1. Receiving an Employer ID Number
2. Federal Tax Payments Using EFTPS
3. State Filing for Business Entities
4. Registering to Collect and Pay State Sales Tax
5. Registering Your Business in More Than One State
6. File a DBA or Fictitious Name Registration in Your State or County
7. Apply for Any Necessary Local Permits
8. Small Businesses and Federal Government Business

Your federal business registration is an important part of starting your business. You will need to register your business with the federal government in order to pay taxes and be legally recognized.

Receiving an Employer ID Number

One of the most essential parts of your federal registration is requesting an employer identification, or EIN. These numbers are tax identification numbers given by the IRS and are necessary for any business except for a sole proprietorship. EINs are easy and free to obtain, and you can file for and receive one immediately either by phone or online.

Your EIN will never expire, and that number will never be given to another entity. If you are a sole proprietor, you will use your social security number instead of an EIN. Business owners who do not have a social security number and are not residents of the U.S. will need to apply for an Individual Taxpayer Identification Number or ITIN.

Federal Tax Payments Using EFTPS

Once your business is federally registered, the IRS makes it really easy for you to file and pay income and payroll taxes directly online using the Electronic Filing and Tax Payment System. Once registered, you sign up and receive a password in a few weeks and then can begin filing and making payments. Your EFT account can be used to pay all your necessary taxes such as:

  • Social Security
  • Medicare
  • Federal Income Tax
  • Unemployment Tax

State Filing for Business Entities

To file your business type in your state, you will need to register at your Secretary of State's office at the business division. If your business will be a sole proprietorship, you will not need to register with the state. If your business operates in other states, you will need to register in each state.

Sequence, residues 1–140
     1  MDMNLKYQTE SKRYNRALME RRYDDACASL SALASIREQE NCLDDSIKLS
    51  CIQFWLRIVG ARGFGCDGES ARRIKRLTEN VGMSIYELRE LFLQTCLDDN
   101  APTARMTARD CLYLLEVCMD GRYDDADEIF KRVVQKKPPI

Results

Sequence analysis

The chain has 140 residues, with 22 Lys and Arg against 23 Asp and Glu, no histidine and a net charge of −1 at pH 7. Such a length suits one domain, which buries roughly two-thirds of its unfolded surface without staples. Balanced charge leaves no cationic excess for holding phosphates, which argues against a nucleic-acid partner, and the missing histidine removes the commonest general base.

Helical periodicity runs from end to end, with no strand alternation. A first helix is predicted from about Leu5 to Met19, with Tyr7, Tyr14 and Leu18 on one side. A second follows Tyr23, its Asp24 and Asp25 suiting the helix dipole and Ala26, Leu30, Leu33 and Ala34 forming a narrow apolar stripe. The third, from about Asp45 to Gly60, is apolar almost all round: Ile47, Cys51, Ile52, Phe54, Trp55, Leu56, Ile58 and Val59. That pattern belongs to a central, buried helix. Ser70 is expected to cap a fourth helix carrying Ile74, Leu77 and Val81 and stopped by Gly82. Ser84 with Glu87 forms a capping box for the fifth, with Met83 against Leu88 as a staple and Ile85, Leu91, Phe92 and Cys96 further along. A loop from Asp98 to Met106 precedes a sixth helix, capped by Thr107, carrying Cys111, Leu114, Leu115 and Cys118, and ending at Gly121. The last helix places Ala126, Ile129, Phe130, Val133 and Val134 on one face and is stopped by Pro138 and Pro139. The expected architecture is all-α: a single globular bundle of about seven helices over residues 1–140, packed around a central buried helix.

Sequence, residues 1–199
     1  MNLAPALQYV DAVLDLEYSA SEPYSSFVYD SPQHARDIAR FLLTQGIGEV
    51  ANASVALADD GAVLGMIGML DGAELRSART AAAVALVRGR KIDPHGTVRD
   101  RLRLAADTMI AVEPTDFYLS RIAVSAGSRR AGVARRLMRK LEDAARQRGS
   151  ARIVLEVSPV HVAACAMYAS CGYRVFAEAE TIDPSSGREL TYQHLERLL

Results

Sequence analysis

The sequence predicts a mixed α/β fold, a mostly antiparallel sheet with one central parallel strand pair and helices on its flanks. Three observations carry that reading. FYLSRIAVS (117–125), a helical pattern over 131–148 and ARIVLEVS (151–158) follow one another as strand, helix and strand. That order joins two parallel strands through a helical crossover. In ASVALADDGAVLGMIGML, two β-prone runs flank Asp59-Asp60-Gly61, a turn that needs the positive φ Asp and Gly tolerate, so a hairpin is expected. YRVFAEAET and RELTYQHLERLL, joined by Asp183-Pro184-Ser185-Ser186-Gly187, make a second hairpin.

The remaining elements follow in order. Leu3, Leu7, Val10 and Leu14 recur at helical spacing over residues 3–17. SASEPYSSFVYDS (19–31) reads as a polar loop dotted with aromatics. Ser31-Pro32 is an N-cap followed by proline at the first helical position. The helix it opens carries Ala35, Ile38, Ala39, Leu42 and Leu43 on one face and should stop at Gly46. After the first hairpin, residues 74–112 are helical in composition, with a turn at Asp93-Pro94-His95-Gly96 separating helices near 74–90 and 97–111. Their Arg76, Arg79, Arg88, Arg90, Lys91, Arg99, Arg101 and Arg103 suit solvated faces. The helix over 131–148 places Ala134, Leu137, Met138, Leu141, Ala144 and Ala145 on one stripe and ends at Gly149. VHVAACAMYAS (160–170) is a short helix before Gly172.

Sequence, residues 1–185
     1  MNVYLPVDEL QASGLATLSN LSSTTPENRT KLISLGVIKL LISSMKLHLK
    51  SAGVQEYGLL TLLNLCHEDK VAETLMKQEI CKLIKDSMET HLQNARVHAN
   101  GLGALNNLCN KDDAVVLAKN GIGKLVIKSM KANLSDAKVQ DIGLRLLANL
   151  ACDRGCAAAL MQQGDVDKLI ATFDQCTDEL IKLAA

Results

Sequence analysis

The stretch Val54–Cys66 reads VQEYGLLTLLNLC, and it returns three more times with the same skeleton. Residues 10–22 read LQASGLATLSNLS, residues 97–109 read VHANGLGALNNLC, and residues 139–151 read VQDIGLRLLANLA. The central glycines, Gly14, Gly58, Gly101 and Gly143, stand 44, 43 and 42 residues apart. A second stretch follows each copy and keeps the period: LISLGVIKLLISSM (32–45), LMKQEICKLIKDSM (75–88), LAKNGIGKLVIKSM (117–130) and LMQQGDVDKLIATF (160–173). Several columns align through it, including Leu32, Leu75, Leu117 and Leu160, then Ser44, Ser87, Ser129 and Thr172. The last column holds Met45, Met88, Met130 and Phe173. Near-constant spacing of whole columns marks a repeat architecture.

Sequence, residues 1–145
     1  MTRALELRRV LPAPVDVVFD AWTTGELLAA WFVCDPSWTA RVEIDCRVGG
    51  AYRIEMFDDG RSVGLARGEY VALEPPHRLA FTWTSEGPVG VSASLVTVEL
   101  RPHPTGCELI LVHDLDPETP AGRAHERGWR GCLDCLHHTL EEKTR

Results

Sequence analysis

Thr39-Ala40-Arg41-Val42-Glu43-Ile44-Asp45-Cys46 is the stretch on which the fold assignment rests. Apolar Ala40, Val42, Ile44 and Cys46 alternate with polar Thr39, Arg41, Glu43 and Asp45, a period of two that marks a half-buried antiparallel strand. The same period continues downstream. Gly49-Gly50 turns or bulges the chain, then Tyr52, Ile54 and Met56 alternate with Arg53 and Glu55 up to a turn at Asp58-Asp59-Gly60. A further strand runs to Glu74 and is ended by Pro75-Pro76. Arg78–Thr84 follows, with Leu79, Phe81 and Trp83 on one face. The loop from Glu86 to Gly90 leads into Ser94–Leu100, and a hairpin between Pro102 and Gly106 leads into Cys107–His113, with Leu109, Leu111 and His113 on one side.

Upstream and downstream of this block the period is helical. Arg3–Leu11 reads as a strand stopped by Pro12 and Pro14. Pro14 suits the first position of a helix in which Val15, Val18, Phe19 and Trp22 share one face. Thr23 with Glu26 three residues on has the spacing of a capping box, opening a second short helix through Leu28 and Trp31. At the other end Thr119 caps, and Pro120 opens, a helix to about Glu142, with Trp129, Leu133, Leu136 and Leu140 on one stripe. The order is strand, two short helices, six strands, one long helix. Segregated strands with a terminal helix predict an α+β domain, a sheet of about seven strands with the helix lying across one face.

Registering to Collect and Pay State Sales Tax

If you plan to sell any products or services that will be subject to sales tax, then you must apply for a state tax permit from your state's Department of Revenue. This process can often be done online and is easy to do. Once you have registered, you will need to set up a company process for collecting, reporting, and paying the tax.

Registering Your Business in More Than One State

If you will be doing business in another state, you will need to register. The definition of "doing business" can differ when it comes to income and sales tax. When registering your company in another state, you will be registering as a foreign entity.

File a DBA or Fictitious Name Registration in Your State or County

If your business will be operating under a different name than the original name that you filed, you will need to file for a DBA or fictitious name or trade name registration in your specific county. You may also be required to file this name with your state business division as well. Requirements vary from state to state.

Apply for Any Necessary Local Permits

Every locality varies, and there are different rules and regulations that you will need to follow. Some of the local permits you may have to apply for or ordinances you may have to address include:

  • Building permits if you will be building your new location.
  • Zoning variances if necessary for new buildings.
  • Food handling and health permits if necessary.
  • Fire inspections for new locations.

Small Businesses and Federal Government Business

The federal government is one of the biggest consumers of small businesses' products and services. It is estimated by The Small Business Administration that $425 billion is purchased by the federal government annually from U.S.-based small businesses. That is why it is so important for a small business to register in the appropriate federal venues to be considered to work on federal government contracts.

The government is required to purchase anything between a cost of $3,000 and $10,000 through a small business, but a small business must go through a certification process to be eligible to receive this work. To qualify for federal contracts, your business must:

  • Have fewer than 500 employees.
  • Average receipts less than $7 million annually.
  • Be profitable and well-established.
  • Be registered through the appropriate venues.

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